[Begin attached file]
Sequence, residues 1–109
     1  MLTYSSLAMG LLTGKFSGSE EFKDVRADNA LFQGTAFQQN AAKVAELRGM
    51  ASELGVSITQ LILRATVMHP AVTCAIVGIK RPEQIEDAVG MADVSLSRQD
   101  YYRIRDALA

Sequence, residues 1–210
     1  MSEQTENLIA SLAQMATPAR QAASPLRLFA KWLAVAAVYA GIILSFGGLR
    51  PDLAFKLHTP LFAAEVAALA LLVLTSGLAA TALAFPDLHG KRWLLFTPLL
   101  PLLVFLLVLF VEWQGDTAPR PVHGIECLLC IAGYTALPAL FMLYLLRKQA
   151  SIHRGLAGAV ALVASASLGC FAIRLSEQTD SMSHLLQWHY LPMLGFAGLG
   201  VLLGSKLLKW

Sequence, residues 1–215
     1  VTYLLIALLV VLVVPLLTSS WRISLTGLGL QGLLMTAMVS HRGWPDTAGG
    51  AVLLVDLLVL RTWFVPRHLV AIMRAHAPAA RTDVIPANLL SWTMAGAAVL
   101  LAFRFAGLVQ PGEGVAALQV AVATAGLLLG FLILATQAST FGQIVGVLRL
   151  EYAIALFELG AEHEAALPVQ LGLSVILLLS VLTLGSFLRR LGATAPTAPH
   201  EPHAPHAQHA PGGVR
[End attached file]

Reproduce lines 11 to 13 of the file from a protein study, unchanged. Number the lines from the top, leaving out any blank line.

Sequence, residues 1–215
     1  VTYLLIALLV VLVVPLLTSS WRISLTGLGL QGLLMTAMVS HRGWPDTAGG
    51  AVLLVDLLVL RTWFVPRHLV AIMRAHAPAA RTDVIPANLL SWTMAGAAVL